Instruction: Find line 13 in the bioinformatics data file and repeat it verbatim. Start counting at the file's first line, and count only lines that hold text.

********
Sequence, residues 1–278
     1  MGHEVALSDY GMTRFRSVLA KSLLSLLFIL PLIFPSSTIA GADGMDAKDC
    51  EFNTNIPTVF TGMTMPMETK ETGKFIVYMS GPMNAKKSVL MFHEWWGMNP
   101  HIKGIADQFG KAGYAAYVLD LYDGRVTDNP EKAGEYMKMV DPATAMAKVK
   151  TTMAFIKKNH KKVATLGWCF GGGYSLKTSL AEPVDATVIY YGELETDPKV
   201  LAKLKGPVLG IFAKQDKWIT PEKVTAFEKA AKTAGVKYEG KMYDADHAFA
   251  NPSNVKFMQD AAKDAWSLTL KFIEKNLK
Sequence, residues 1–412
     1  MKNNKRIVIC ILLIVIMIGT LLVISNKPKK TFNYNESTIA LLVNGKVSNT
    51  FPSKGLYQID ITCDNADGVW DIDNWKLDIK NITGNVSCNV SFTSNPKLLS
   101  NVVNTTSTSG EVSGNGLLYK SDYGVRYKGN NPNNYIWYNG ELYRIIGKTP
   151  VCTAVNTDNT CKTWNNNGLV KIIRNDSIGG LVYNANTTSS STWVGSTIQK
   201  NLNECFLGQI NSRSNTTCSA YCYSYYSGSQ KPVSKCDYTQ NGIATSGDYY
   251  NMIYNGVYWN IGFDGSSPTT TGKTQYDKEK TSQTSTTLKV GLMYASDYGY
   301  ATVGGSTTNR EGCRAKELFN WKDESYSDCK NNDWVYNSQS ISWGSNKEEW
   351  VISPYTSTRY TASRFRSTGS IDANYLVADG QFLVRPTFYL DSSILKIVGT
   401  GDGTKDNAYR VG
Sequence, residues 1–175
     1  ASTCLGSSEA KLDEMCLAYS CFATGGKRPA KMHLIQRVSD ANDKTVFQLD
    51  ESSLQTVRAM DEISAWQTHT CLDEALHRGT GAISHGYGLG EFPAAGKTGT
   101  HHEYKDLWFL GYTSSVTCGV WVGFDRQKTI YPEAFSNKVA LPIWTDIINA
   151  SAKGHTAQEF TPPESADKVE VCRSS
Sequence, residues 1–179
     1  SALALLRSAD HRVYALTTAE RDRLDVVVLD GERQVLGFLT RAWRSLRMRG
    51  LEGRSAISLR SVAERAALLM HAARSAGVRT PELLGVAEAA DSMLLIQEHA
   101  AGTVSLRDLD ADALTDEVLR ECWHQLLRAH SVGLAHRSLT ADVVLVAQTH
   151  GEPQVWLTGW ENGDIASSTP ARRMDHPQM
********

   201  NLNECFLGQI NSRSNTTCSA YCYSYYSGSQ KPVSKCDYTQ NGIATSGDYY